The ending (spoilers)

Regarding the custody battle, I was happy that Linda and her husband won the guardianship over Mirabelle, however, I am also satisfied with the ending: the biological mother, Bebe, broke into the McCulloughs house and stole the baby... It sounds extremely wrong, but as Linda deduced in the book: if the baby did not feel the need to cry during the time it was being taken, maybe it did indeed see Bebe as her only real mother. The McCulloughs decided to adopt another Chinese baby and this storyline, I believe got wrapped up fairly well.

Another thing that happens is that Mia and Pearl moved away, without Pearl being able to say goodbye to the others. It was kind of sad. But also, Izzy set her house on fire... that happened. And then she ran away. I get that the only person she could confide in - Mia, was gone, but also that was a bit of an overstatement - to burn down your house. But I guess that was the advice she got, to start over, and to do that, she had to do something I believe she had wanted to for a long time. It was quite the cinematic ending.

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The TV show: similarities and differences

I want to start by saying that the show is quite well cast, Reese Witherspoon and Kerry Washington are two very strong leads. The actors and actresses for the kids did also quite an amazing job. I have to say that Izzy was my favourite in the show. I sympathised the most with her and I also felt extremely bad for the way she was being treated. I was especially disappointed in the way she was treated by her siblings, always as an outcast, even in the books. No wonder she took solace in Mia, who seemed as though the only one that could understand her. Although I did prefer Mia in the book, since in the show, she seemed to me a bit stand-offish and maybe a little annoying.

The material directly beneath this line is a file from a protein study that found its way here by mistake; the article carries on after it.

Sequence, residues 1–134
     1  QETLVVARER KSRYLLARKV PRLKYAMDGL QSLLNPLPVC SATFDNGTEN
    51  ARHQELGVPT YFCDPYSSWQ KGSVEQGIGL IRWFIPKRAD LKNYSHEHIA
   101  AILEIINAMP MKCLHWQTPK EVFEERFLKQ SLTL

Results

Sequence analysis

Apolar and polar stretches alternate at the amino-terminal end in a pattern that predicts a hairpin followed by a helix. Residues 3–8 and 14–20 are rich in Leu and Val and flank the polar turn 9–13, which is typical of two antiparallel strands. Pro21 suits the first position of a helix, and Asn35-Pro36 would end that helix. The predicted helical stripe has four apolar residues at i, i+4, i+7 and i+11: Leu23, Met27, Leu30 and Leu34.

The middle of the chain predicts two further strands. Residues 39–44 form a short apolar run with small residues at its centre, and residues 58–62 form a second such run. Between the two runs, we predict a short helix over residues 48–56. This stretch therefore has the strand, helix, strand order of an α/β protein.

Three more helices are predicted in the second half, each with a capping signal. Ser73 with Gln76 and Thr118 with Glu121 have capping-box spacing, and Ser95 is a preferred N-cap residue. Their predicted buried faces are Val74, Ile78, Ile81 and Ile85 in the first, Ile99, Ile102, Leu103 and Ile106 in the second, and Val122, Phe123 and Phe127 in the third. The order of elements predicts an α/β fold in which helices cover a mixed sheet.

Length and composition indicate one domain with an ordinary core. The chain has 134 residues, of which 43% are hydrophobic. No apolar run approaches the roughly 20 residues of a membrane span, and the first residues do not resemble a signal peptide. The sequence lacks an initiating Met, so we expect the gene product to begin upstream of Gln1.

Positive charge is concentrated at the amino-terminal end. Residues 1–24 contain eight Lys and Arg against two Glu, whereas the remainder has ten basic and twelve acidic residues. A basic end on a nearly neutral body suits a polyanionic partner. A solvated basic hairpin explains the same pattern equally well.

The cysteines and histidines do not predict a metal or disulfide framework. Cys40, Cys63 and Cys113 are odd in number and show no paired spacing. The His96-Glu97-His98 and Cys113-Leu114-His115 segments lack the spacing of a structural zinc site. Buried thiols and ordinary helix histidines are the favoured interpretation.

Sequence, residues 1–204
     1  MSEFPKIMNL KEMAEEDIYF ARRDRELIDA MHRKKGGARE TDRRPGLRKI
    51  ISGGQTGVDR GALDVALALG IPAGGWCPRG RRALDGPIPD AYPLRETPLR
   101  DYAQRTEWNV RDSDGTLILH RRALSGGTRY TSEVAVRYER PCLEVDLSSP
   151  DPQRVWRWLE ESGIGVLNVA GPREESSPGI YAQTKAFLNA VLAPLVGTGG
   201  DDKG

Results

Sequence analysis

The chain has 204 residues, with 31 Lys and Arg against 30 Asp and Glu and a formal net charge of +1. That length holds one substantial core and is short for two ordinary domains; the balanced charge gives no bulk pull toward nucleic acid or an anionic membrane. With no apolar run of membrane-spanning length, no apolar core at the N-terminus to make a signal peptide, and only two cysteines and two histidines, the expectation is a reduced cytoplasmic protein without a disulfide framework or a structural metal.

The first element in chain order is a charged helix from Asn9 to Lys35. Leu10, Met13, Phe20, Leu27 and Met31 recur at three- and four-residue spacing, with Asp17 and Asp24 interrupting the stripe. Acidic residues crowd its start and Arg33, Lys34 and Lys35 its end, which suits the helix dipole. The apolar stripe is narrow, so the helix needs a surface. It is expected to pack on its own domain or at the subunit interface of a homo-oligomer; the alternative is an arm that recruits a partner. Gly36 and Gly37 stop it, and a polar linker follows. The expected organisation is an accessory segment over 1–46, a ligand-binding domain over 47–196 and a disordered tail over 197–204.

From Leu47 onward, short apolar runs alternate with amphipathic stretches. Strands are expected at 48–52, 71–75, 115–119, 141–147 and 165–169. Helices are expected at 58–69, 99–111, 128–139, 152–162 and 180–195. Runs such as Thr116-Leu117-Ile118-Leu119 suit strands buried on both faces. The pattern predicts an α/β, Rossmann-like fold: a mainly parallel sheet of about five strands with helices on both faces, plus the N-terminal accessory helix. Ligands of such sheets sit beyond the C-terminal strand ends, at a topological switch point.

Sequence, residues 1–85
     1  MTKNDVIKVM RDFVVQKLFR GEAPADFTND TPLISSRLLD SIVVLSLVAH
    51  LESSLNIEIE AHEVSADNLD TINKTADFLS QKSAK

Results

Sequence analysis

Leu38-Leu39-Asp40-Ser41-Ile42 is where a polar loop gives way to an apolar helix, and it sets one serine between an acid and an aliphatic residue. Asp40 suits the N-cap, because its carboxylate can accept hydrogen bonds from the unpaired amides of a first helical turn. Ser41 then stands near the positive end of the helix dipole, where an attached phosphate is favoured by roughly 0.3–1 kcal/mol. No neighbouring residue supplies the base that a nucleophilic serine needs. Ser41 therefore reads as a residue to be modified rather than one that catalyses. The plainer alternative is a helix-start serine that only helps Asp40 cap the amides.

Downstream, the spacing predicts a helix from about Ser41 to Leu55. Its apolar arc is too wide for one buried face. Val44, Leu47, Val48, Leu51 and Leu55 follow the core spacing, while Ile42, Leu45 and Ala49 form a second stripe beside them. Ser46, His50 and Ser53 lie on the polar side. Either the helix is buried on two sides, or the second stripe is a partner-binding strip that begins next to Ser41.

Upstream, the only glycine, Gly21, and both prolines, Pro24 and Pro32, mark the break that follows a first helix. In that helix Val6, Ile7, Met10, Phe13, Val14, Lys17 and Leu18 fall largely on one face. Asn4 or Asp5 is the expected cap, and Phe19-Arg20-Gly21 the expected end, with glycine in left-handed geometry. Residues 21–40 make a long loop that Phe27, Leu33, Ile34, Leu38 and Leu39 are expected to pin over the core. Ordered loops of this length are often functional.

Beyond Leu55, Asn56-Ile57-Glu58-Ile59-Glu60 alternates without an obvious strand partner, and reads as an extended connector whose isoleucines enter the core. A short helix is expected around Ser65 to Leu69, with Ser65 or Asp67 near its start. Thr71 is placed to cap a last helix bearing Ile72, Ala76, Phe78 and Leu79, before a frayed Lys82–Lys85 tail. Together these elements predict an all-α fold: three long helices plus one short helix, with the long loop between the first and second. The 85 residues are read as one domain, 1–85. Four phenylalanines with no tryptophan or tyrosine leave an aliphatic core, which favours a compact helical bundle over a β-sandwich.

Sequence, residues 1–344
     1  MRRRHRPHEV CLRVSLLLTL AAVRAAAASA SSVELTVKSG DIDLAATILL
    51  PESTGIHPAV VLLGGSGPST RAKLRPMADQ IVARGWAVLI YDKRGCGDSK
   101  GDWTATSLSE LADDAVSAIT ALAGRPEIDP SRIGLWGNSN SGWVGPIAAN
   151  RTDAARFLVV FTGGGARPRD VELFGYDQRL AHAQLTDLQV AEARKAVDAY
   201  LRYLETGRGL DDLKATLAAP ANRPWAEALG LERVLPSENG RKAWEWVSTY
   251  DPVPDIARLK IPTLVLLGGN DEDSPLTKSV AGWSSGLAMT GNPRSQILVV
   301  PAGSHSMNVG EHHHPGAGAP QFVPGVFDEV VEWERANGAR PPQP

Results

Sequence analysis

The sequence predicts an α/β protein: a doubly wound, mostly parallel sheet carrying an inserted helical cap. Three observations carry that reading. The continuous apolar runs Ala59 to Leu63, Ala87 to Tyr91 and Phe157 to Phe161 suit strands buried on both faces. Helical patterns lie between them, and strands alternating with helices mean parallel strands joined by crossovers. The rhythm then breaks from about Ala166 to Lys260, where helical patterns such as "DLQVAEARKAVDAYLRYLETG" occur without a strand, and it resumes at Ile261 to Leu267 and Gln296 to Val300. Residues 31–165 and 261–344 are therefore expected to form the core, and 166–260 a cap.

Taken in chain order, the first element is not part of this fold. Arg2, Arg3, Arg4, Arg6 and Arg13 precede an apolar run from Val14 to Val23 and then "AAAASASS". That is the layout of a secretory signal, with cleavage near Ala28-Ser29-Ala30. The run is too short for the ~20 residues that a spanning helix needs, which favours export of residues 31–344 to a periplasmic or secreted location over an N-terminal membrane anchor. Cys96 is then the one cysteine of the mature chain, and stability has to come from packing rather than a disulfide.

Some other things that irked me in this TV adaptation was the father - Bill Richardson. I am not quite sure why, but maybe because of his constant 'hon', which he used at everyone and he just seemed a lot less invested in his family or the story in whole. The book version of Bill I found a bit more intelligent and interesting. Another thing I remarked that I was not the biggest fan of was how unwell the era of the 90's was depicted. If it hadn't said that the story revolved around that period, I would have guessed that it was set in modern age, with the exception of phones.

Regarding how similar it is to the book, I would say that it managed to capture all the main plots of the book well and portray them competently. Except for the ending, but I liked how it takes a different route instead of following the exact same footsteps of the book.


Which one you should devote your attention to next?

It took me less time to finish the book rather than the TV show, which does not happen quite often. Although I enjoyed the TV show a lot, especially the last few episodes, I believe that the book did a better job of depicting the story line. I loved all of the performances by the actors and I enjoyed the several paths that it took that differed from the book. The end is different in the show. but I still enjoyed it and felt that it made sense. Overall, it is a story that can be well experience both by reading it on page and by watching it on screen and it is surely one that will stick with me for a long time. But if I would have to recommend you one or the other, I would recommend you to read the book!